April 19, 2018

“The wages of sin”


Saint Paul by Bartolomeo Montagna

“For the wages of sin is death: but the gift of God is eternal life through Jesus Christ our Lord.”
       Saint Paul (c. 5 A.D - 64 A.D.)             
       One of the Twelve Apostles of Jesus and key founder of the Christian Church
       The King James Bible version of Romans 6:23 
       Romans is the sixth book of the Bible. It’s one of the “Pauline epistles” (or letters), written by Paul around 55 A.D. His Epistles, sent to members of early Christian churches, were incorporated into the New Testament and became foundational texts for the Christian religion. In Chapter 6 of Romans, Paul discusses a fundamental part of his vision for the Christian faith: the belief that sinners can be forgiven, redeemed and go to heaven if they accept Jesus and become faithful Christians.      
       Verse 23 is the origin of the cautionary saying “the wages of sin is death,” which is sometimes used literally. Indeed, there are many risky “sins” that increase your odds of dying. But most Biblical scholars say that in Romans 6:23 Paul was not talking about the literal death of the body. He was suggesting that the spirit, or soul, of unrepentant sinners would be “dead,” and they would not go to Heaven. However, Paul explained, there is hope for sinners. If they stop sinning and accept Jesus Christ as their savior, they will be rewarded with the “gift” of eternal life in Heaven, where — according to legend — Saint Paul is stationed at the “the Pearly Gates” to admit the worthy and send the unworthy to Hell.           

Sin tax cartoon

“It is somewhat ironic that the first tax revenues that were imposed were those on the consumption of whiskey, which sparked the Whiskey Rebellion. But this rebellion was put down and provided legislators the opportunity to impose taxes and collect on them. It also established the custom of taxing 'sin' and enshrining the adage ‘The wages of sin is a tax.’”
       Richard McGowan
       Associate Professor at Boston College
       In his 1994 book State Lotteries and Legalized Gambling: Painless Revenue or Painful Mirage. (Cartoon by J.D. Crowe.)

<<enter caption here>> at The Ice House Comedy Club on July 12, 2012 in Pasadena, California.

“The wages of sin are death, but after taxes are taken out, it’s just kind of a tired feeling.”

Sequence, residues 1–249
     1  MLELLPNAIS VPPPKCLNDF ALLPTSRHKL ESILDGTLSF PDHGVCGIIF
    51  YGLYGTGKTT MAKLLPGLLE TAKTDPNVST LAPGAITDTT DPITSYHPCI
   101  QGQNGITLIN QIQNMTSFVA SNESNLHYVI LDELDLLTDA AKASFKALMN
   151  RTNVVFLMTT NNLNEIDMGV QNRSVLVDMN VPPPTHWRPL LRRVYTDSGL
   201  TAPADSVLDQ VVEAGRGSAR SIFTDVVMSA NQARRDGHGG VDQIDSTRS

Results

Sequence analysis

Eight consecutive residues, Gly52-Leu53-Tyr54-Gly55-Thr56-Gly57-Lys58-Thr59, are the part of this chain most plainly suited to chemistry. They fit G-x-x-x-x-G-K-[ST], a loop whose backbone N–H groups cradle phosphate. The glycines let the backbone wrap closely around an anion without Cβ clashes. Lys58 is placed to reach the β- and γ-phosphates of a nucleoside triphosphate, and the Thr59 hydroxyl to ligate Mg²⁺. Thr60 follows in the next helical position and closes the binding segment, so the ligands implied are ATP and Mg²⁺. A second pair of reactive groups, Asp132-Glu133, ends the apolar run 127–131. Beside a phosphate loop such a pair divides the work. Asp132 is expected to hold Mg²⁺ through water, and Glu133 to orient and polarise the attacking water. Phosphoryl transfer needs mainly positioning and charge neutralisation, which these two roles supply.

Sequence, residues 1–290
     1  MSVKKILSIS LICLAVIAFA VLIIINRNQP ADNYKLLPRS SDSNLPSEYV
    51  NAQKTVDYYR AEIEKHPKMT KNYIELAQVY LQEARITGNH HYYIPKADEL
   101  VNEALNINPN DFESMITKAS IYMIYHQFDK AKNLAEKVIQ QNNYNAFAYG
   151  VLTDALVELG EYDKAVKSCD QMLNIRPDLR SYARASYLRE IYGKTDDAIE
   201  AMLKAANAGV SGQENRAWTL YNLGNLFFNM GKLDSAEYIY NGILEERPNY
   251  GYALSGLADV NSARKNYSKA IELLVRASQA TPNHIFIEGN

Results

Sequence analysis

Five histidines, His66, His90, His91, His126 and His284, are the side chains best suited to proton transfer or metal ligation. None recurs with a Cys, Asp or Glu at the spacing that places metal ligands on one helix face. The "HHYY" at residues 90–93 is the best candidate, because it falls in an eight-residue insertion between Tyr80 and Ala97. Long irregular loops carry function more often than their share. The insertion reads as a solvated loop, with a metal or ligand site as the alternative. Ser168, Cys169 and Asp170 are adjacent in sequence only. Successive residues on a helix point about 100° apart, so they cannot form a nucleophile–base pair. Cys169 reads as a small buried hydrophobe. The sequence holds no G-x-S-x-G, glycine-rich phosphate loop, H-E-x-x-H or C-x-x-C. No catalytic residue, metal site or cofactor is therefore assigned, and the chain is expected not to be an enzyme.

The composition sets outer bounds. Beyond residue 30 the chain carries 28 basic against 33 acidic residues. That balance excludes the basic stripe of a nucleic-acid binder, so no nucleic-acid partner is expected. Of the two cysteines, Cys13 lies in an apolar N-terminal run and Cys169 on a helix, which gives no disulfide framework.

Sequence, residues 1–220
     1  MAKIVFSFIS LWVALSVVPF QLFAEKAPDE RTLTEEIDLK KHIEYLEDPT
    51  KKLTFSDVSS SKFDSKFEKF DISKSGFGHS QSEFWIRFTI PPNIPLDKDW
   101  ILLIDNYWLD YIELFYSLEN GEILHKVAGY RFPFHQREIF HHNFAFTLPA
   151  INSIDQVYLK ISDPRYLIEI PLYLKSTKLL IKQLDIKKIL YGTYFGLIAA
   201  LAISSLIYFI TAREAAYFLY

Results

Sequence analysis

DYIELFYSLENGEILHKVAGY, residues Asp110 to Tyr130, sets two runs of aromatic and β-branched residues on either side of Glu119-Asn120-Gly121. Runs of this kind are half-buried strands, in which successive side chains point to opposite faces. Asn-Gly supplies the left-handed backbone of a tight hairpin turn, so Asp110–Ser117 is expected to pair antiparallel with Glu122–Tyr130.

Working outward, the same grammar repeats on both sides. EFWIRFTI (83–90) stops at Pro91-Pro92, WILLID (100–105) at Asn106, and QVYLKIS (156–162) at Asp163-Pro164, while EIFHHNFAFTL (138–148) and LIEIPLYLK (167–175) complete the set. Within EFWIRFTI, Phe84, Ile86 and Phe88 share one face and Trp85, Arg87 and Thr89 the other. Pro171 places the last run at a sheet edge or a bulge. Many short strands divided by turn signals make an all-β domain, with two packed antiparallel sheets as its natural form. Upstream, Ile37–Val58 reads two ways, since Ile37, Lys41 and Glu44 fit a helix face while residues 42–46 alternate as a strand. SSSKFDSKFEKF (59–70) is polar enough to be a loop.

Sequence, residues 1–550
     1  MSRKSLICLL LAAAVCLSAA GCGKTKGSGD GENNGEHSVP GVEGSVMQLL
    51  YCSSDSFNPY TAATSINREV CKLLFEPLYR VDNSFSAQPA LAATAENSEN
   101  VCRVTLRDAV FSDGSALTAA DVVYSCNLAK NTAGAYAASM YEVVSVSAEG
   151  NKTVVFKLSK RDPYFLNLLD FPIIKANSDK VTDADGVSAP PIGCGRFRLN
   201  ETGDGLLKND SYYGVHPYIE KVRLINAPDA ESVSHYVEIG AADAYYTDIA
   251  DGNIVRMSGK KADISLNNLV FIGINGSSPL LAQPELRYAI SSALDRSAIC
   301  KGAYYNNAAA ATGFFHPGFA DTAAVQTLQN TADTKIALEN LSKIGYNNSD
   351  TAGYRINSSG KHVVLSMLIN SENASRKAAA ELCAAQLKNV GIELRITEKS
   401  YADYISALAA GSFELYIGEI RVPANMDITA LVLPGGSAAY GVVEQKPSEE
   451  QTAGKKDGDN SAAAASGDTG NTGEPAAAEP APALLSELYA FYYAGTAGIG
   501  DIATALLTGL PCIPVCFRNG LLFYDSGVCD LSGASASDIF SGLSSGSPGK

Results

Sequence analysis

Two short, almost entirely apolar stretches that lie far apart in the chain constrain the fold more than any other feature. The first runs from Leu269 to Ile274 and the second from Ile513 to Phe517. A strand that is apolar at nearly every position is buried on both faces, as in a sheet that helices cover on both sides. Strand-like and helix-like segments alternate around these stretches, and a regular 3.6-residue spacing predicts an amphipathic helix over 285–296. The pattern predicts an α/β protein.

Paula Poundstone
       American comedienne and author             
       One of my favorite jokes from her stand-up comedy routines

Jonathan Davis

“The wages of sin is outperformance for investors...investors often do well by investing in companies operating in ‘sin industries’ and countries where corruption is most developed. Doing bad, in other words, can often mean doing good for investor returns.”
       Jonathan Davis
       British author, editor and journalist specializing in finance
       In an article in the Financial Times, February 22, 2015. Davis suggests that “sin industries” may now not only include tobacco, alcohol, and gambling but, arguably, scandal-ridden banks.


“The wages of sin is when people do unta you what ya did unta them.”
       Rodman Philbrick
       American writer of novels for adults and children             
       A bit of folk wisdom spoken to the character Zane Dupree by his grandmother, in the novel Zane and the Hurricane (2014)
       The book is about Zane’s recollections of Hurricane Katrina. His grandma’s comment relates to a local drug dealer, though it certainly has wider application. Kane recalls:
       “Dylan Toomey...was killed by one of the underage kids who worked for him selling drugs. It's awful and all, but Grammy said it best when she heard the news. She said, ‘The wages of sin is when people do unta you what ya did unta them.’ Amen to that. To be honest there’s a lot I don’t understand about what happened after the storm, and why some people were so good and full of love and others so mean and hateful.

Deranged 1974 movie

“Remember, Ezra, the wages of sin are syphilis, gonorrhea and death.”             
       Ma Cobb (played by actress Cosette Lee), in the cult horror movie Deranged (1974).
       Ma Cobb is a religious fanatic who teaches her son Ezra to fear and hate women. Ezra overcomes his fear, but not his hate, becoming a serial killer who prefers female victims. But he loves Ma and after she’s dead and buried, he digs her up and brings her corpse home to keep him company. It’s a nice, family-oriented horror flick. (NOT!)


“The wages of sin is alimony.”
       Carolyn Wells (1862-1942)
       American writer and poet.             
       A line from her book of verse, Folly for the Wise (1904)             
       It comes from a section called “Maxioms,” which includes a litany of humorous twists on old sayings, including:
             “Reward is its own virtue.
              The wages of sin is alimony.
              A penny saved spoils the broth.
              Of two evils, choose the prettier.
             Nonsense makes the heart grow fonder.
             A word to the wise is a dangerous thing.”

Ron Jeffries

“The wages of sin is debugging.”
       Ron Jeffries
       American software developer and writer
       A saying Jeffries coined that is widely quoted by and well known to computer coding geeks

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